In each chapter they have little blurb called “Crime Can Be Funny”. Good idea, except for the fact that very few of the stories were funny.

Some cases they devote half a chapter to, some only get one or two sentences. Many of the stories are the sort of sensationalized writing reminiscent of the old true detective magazines that used to be on the rack with the Enquirer and Star at the grocery store. Not to mention the fact that I never really wanted to see pictures of John Kennedy or Marilyn Monroe on the morgue slab. And I really didn’t want to see the ones of JonBenet Ramsey. While there was nothing gruesome about any of these pictures, I just found it to be beyond tacky.

I also could have done without so many statistics. If I want statistics I’ll look them up. When I’m reading a true crime book I want actual cases, not numbers.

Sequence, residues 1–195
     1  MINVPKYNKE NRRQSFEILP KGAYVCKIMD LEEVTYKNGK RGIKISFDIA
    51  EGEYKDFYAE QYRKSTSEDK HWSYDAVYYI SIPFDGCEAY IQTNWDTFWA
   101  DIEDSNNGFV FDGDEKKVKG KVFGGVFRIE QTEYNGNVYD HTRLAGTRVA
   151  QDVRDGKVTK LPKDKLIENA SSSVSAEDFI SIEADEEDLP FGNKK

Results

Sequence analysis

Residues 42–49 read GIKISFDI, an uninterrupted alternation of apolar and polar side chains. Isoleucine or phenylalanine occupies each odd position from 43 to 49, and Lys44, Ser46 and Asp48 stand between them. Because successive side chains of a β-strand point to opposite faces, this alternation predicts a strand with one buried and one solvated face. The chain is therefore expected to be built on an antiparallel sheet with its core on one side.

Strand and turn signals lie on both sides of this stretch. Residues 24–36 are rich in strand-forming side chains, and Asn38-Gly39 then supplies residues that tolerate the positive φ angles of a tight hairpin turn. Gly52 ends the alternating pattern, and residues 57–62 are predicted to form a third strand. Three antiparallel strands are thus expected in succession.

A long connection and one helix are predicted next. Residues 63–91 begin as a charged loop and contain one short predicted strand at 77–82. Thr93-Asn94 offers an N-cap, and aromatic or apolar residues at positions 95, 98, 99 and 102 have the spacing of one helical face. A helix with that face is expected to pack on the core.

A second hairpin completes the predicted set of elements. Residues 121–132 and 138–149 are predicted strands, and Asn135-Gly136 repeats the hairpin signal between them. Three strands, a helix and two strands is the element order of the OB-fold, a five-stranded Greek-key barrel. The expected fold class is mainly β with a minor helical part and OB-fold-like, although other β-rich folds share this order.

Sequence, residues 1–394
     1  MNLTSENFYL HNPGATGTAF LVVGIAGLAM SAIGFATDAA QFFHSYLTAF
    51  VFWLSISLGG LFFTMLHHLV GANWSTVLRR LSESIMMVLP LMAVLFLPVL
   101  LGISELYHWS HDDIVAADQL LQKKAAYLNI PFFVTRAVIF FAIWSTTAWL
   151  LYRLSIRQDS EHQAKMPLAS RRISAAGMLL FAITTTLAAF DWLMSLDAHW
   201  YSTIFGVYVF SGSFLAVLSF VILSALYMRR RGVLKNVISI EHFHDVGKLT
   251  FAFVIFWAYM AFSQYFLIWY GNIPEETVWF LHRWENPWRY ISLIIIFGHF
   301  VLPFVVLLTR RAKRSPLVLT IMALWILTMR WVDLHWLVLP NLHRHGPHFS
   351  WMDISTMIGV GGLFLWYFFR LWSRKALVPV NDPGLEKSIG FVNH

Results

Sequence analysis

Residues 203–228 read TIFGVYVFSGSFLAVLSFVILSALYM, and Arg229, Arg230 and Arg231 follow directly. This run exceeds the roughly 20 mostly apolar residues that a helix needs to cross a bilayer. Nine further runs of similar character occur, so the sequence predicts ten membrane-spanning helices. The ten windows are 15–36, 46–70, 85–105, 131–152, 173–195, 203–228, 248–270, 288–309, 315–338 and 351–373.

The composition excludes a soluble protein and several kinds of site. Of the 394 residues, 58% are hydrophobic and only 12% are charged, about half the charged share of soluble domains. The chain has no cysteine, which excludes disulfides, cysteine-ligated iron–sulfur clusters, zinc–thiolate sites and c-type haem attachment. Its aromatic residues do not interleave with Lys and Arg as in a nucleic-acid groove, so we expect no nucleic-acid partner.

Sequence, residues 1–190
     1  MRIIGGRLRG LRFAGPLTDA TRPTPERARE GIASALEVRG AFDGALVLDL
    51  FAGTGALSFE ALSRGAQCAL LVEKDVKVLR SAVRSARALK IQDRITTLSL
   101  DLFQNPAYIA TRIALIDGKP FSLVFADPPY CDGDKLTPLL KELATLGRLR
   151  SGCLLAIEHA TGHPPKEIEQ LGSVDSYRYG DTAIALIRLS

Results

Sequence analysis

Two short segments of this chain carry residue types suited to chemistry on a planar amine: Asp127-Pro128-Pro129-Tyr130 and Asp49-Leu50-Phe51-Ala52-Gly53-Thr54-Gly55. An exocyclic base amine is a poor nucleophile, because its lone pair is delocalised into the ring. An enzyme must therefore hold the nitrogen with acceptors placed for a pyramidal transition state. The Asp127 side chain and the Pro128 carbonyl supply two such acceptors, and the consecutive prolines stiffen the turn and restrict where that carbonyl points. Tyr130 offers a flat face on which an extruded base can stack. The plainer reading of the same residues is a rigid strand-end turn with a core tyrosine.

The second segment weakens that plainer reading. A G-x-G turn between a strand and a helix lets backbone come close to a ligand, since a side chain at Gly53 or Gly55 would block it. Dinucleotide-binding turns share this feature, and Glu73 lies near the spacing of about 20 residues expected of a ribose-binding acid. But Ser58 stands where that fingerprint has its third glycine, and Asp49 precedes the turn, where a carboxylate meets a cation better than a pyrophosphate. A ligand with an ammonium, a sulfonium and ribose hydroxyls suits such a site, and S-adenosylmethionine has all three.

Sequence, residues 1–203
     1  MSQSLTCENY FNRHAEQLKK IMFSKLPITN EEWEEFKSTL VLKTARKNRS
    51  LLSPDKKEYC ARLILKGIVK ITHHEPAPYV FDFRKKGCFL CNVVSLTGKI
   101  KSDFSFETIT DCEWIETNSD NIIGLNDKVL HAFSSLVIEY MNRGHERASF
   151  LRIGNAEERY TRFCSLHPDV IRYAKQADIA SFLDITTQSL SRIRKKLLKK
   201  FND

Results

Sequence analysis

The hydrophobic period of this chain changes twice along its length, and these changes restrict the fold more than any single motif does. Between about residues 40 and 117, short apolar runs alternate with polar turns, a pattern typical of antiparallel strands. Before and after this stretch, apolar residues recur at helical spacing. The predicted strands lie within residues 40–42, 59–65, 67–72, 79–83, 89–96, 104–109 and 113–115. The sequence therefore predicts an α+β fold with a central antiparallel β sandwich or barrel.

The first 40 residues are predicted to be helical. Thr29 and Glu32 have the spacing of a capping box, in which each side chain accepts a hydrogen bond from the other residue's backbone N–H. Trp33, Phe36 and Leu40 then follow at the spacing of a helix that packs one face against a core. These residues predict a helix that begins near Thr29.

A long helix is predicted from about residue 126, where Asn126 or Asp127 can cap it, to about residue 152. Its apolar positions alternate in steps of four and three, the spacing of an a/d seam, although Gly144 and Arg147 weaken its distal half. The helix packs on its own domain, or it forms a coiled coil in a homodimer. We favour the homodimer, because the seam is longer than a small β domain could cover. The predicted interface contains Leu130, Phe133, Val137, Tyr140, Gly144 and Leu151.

This book was not completely without redeeming qualities though. I did learn some new things about cases I read about previously, and read about some others that I had never heard of but now want to read more about.

In short, I would say if you’re a fan of the previously mentioned detective magazines this book might interest you. Otherwise, you’d probably be better off passing on this one.

Book Review of Kathryn Casey’s “Die, My Love”

(Guest post by lovely and talented wife Jade)

Welcome to Jade’s Book Reviews! I have to say I was thrilled when Trench approached me with the idea of reviewing true crime and crime fiction books, since more than likely you will find me with my nose in a book during any downtime I have. And 9 times out of 10, that book will be true crime or crime fiction.

My first review is of Kathryn Casey’s “Die, My Love”. It is the story of Professor Fred Jablin, who was murdered in his own driveway by his ex-wife, Piper Rountree as he went outside to get his morning newspaper on October 30, 2004. Let me start by saying that one of everyone’s favorite true crime writers, Ann Rule, has referred to Kathryn Casey as “one of the best in the true crime genre”. After reading “Die, My Love” I have to agree with her. This is one of the absolute best books I have read in quite some time.